OBJECTIVE: To assess the association between human T-lymphotropic virus type 1 (HTLV-1) infection and onychodystrophy. METHODS: This was a cross-sectional study. At our institute, we provide HTLV-1 testing to relatives of HTLV-1-infected people and patients with suspected HTLV-1-associated diseases. The diagnosis of onychodystrophy was made clinically before testing for HTLV-1; the number and distribution of affected nails was registered. We assessed the association between onychodystrophy and HTLV-1 through bi- and multivariable analyses. Logistic regression was used to adjust for age, sex, and indication for HTLV-1 testing, using six affected nails (90(th) percentile) as the cut-off point. RESULTS: Between April 2006 and March 2008, we included 893 subjects; their mean age was 38 years (standard deviation 19 years), and 527 (59%) were women. Onychodystrophy of one or more nails was observed in 323 participants (36%), and 236 subjects (26%) were HTLV-1-positive. The median number of affected nails was higher in HTLV-1-positive than in HTLV-1-negative subjects (Mann-Whitney test, p <0.001). Thirty-eight of 97 subjects with six or more affected nails (39%) were HTLV-1-infected, compared to 198 of 796 subjects with fewer than six affected nails (25%) (crude OR 1.9, 95% confidence interval (CI) 1.2-3.1; p = 0.003). This association remained significant in the multiple logistic regression model (adjusted OR 2.0, 95% CI 1.2-3.3; p = 0.005). CONCLUSIONS: There is an independent association between HTLV-1 infection and onychodystrophy. Patients with an HTLV-1 infection might have a higher risk for onychomycosis given the abnormal nail plate and a decreased T-cell-mediated immunologic response.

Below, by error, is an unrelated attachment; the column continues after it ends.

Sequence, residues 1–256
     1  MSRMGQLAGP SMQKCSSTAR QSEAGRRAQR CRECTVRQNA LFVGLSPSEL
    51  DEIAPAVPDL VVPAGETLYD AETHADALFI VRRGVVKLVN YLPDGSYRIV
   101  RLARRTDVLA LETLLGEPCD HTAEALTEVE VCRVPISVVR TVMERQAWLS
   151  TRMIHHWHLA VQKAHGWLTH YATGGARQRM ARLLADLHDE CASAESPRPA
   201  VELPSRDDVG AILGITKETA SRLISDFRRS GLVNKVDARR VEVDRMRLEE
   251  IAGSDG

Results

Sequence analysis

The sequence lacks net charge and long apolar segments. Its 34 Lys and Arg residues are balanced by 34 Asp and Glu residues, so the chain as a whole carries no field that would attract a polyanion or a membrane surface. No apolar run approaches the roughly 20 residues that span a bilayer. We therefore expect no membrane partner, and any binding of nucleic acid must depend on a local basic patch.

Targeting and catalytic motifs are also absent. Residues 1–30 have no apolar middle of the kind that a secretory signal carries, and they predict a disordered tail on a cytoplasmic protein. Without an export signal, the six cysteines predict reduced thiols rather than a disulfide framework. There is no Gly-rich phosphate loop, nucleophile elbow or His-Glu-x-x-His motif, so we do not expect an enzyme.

- Viral diseases
- Disease transmission